Any left-handers you all want to talk about?

Is it too late now to say sorry?

Phil Mickelson has taken a lot of criticism over the past week, all of it justified. On Tuesday, he decided it was time to speak up. In a six-paragraph statement on branded letterhead, Mickelson insisted that the ludicrous interview he gave to Alan Shipnuck was “off [the] record” and that Shipnuck shared it “out of context.” He also took the opportunity to criticize the state of professional golf, thank his sponsors, and praise Saudi-backed LIV Golf Investments. He concluded by saying that he had “failed myself and others” and will be taking “some time away to prioritize the ones I love most and work on the man I want to be.”

All in all, the statement conveyed a picture of a desperate, egotistical man trying to dig himself out of a deep hole of his own construction.

Each paragraph could be dissected at length, but let’s focus on the opening section, in which Mickelson claimed his conversation with Alan Shipnuck was off the record. Shipnuck immediately denied that accusation in a column for the Fire Pit Collective: “Not once in our texts or when we got on the phone did Mickelson request to go off-the-record and I never consented to it.” Shipnuck added that, after the explosive quotes came out last week, Mickelson texted him and “made a half-hearted attempt at revisionist history, trying to say our talk had been a private conversation.” But Shipnuck said he “shut that down real quick.”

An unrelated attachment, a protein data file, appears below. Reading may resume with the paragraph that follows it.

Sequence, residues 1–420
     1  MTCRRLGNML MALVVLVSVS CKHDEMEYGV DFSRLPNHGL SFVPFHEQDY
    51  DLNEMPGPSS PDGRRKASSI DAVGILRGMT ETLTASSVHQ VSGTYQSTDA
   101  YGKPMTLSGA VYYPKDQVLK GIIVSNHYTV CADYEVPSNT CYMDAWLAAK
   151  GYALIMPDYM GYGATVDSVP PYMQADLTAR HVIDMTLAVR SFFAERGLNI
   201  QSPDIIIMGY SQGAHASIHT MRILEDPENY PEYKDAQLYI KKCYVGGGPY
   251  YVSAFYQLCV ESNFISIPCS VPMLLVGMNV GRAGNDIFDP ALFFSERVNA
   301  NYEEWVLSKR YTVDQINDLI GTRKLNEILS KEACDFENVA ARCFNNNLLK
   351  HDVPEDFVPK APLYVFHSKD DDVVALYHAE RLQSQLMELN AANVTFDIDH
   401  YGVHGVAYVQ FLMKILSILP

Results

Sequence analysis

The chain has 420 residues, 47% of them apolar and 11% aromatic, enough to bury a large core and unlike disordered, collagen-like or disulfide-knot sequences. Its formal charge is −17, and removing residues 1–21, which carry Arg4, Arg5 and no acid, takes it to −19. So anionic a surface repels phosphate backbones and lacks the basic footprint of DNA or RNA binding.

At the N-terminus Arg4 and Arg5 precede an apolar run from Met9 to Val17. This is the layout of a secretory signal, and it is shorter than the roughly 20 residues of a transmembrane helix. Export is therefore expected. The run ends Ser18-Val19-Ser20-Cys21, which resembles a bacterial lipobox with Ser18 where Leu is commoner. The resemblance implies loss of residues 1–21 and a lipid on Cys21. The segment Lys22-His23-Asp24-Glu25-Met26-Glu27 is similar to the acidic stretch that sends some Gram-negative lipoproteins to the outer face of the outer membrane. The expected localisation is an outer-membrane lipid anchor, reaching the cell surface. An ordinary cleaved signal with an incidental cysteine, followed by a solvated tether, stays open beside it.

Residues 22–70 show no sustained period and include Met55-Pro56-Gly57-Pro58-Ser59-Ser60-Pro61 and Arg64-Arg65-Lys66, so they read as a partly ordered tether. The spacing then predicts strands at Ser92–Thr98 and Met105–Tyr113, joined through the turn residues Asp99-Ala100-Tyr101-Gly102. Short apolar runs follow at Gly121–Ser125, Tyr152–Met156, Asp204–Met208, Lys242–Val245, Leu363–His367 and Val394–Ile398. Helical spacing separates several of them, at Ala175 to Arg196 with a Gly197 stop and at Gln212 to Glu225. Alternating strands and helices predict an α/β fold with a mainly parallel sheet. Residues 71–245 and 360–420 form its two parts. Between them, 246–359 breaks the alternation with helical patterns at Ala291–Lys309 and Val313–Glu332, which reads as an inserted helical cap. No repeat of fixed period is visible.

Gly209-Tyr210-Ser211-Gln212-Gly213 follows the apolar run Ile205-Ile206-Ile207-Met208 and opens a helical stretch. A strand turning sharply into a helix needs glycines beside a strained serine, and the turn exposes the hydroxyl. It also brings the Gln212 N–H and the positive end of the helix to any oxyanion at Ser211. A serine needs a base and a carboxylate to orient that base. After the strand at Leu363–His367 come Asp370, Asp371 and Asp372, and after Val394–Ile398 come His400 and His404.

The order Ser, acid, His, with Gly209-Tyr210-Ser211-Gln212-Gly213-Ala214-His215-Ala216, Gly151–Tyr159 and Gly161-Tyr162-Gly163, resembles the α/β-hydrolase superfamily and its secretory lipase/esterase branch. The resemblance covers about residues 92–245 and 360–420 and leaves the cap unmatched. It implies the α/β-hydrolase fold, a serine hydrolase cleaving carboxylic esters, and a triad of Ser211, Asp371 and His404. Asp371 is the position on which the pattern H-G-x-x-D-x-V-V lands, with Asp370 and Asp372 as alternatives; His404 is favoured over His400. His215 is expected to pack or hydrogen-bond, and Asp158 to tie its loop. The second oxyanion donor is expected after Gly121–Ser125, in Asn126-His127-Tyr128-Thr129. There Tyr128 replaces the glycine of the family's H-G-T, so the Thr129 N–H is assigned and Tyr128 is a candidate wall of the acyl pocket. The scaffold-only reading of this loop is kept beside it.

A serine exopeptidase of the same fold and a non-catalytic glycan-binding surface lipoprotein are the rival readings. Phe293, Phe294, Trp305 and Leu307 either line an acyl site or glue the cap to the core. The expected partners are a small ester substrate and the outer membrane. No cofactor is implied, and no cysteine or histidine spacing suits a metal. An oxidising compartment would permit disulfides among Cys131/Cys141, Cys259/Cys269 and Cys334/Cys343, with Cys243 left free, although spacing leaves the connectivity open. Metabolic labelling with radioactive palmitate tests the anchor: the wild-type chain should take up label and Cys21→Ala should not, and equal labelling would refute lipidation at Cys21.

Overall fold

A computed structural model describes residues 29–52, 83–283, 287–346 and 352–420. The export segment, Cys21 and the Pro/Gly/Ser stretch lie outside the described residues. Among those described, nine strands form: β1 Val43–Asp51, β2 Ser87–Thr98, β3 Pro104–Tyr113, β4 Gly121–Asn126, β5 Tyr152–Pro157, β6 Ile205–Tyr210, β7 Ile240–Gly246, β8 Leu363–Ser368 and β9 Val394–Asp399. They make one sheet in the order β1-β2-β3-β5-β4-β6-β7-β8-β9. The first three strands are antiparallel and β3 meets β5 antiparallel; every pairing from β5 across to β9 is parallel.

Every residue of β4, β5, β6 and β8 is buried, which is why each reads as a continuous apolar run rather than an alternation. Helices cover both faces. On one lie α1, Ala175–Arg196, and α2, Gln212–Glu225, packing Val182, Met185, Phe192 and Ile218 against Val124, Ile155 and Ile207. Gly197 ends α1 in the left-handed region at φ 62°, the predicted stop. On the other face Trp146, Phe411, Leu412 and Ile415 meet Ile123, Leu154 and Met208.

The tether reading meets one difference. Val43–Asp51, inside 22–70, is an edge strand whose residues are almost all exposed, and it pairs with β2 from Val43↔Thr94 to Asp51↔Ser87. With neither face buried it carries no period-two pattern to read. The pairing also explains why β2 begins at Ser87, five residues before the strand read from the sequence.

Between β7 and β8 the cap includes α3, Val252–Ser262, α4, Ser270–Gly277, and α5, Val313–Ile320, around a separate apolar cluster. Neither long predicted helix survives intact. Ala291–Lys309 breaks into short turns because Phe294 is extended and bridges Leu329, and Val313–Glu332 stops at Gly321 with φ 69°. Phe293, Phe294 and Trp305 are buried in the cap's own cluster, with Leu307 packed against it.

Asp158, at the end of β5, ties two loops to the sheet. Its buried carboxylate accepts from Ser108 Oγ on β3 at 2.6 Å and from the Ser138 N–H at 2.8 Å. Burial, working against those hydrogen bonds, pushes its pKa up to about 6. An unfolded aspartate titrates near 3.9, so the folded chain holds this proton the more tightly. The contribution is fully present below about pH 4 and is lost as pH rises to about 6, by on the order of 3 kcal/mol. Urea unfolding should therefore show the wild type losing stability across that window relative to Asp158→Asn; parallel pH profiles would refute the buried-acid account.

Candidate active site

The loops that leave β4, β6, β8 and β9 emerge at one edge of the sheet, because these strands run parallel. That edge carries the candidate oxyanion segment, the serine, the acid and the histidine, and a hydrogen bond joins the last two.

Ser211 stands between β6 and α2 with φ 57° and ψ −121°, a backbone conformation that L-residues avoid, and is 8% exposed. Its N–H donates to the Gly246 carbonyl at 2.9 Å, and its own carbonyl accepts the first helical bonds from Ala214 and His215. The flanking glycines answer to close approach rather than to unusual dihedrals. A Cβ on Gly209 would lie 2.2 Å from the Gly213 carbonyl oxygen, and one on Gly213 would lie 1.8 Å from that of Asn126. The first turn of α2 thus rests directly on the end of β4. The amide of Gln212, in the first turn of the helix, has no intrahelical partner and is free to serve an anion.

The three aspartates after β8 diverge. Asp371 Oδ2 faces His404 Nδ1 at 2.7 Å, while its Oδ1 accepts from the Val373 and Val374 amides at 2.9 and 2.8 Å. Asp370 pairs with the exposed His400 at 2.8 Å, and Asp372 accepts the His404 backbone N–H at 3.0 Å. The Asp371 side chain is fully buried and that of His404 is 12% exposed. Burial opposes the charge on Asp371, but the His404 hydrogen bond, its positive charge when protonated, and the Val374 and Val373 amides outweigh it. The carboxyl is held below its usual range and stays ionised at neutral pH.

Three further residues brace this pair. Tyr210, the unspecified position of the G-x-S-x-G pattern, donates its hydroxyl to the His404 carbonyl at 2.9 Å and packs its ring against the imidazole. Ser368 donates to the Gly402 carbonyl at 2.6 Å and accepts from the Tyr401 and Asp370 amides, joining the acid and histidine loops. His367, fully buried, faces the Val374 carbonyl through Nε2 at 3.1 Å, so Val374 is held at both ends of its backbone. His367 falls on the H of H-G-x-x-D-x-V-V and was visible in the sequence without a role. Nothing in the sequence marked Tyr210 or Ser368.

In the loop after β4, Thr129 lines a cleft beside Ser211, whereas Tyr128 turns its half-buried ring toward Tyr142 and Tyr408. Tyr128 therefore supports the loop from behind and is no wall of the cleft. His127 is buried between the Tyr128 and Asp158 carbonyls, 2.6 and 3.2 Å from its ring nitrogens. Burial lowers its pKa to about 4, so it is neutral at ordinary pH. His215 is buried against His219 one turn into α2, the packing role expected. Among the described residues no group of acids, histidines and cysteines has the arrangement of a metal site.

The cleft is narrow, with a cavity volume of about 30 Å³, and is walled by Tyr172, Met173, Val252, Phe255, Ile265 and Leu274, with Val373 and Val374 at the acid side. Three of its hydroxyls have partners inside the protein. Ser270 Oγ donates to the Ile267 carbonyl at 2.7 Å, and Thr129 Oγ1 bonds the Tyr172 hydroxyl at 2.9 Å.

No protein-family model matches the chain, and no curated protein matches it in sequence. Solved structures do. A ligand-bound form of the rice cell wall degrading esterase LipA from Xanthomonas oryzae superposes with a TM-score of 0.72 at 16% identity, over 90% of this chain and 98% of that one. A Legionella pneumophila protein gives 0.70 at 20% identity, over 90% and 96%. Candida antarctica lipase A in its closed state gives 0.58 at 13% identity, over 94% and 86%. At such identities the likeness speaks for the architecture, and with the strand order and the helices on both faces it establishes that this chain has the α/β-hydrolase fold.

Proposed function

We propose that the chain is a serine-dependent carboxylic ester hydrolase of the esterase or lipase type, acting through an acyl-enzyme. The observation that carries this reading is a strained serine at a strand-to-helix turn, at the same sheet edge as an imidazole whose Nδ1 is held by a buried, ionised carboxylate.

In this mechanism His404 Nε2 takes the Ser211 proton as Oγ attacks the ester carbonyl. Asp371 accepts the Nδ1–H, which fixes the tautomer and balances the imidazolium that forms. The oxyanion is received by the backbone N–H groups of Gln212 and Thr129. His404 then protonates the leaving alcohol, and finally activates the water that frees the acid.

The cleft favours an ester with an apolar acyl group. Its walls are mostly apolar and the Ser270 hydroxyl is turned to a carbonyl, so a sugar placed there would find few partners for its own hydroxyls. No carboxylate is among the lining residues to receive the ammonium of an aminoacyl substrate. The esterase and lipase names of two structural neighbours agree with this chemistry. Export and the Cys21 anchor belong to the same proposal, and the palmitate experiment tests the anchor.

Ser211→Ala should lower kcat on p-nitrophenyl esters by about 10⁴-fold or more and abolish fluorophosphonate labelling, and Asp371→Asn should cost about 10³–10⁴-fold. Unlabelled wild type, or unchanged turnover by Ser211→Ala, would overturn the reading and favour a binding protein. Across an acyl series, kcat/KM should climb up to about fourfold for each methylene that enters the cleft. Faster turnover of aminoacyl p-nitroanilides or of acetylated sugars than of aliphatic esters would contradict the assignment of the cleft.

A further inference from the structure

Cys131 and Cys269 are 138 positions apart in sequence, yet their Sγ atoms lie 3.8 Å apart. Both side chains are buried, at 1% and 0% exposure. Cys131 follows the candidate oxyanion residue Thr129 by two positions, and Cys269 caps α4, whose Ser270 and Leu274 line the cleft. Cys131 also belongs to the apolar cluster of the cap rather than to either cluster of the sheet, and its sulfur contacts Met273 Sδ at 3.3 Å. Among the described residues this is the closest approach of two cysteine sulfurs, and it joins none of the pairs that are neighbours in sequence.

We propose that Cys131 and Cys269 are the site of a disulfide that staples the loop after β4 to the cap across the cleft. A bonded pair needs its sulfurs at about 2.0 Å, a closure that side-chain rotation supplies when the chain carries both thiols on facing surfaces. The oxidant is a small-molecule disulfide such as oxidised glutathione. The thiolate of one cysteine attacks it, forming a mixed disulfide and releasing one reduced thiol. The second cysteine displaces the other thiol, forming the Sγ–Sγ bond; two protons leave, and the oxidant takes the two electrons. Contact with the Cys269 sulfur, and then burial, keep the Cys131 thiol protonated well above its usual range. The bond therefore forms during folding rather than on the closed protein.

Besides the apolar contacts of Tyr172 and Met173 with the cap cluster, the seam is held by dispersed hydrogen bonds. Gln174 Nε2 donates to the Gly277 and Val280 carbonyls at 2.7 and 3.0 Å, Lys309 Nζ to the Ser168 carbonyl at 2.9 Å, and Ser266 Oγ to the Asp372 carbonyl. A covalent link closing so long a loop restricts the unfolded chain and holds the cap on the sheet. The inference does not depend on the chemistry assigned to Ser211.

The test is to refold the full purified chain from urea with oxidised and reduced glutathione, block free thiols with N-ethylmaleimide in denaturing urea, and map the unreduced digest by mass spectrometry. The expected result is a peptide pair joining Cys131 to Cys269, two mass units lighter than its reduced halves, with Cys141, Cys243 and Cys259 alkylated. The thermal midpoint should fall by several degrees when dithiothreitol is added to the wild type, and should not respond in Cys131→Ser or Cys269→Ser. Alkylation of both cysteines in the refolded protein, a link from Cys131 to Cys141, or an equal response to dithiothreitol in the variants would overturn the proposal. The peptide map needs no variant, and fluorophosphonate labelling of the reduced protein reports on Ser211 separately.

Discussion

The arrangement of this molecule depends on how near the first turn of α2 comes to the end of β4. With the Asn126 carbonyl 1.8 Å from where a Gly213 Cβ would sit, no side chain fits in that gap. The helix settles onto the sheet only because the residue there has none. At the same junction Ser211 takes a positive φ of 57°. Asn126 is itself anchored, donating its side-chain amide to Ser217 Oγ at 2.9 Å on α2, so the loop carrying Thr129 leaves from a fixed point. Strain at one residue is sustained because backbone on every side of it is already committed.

Putting all of that aside, note that Mickelson didn’t even try to argue that he didn’t say the words Shipnuck reported. Which means he said this: “[The Saudis are] scary motherf—ers to get involved with.” And this: “We know they killed [Jamal] Khashoggi and have a horrible record on human rights. They execute people over there for being gay.” And this: “Knowing all of this, why would I even consider it? Because this is a once-in-a-lifetime opportunity to reshape how the PGA Tour operates.” No “context” can make those quotes sound good.

On Tuesday, KPMG and Phil Mickelson “mutually agreed” to end their sponsorship. Something tells us this story isn’t over.

The Latest from The Fried Egg

The LPGA Tour’s Big Opportunity – Mickelson’s meltdown aside, the PGA Tour has had a rough go of it lately. Meg Adkins thinks the LPGA Tour can learn from Ponte Vedra’s shortcomings.

Paulie’s Picks: Honda Classic – Paulie deals with humidity like a pro. Trust him to pick you a winner for this weekend’s Honda Classic.

The Fried Egg Podcast: Bandon Trails – The third of our deep dives into the five 18-hole courses at Bandon Dunes focuses on Bill Coore and Ben Crenshaw’s Bandon Trails. Listen on iTunes and Spotify.

The Shotgun Start – Andy and Brendan recorded this one just before Phil’s statement dropped, so they’ll save that juicy topic for Friday. Meanwhile, they discuss the struggling Honda Classic and talk with Brad Faxon (!) about Corey Pavin, Tiger Woods, and green books. Listen on iTunes and Spotify.

Tee Times

It’s a home game for PGA Tour swampers this week! Well, the ones who are in the field, at least. Brooks Koepka and Daniel Berger headline the Honda Classic.

Officially, the Korn Ferry Tour is in Louisiana for the Chitimacha Louisiana Open, but everyone is really there for the food.

Quick Hooks

PGA Tour players and officials had a meeting at PGA National on Tuesday. According to Golf Digest, discussion topics included the Super Golf League, a revised fall season, and “transparency” from leadership. Phil Mickelson’s statement was conveniently released two minutes after the meeting started.

Rick Lamb won a 16-for-1 playoff at the Honda Classic Monday Qualifier. Lamb rolled in this long eagle putt on the first playoff hole to earn the coveted spot at PGA National.

Justin Thomas will partner with Jack Nicklaus on a new golf course design project in Florida. We assume there will be no centerline bunkers.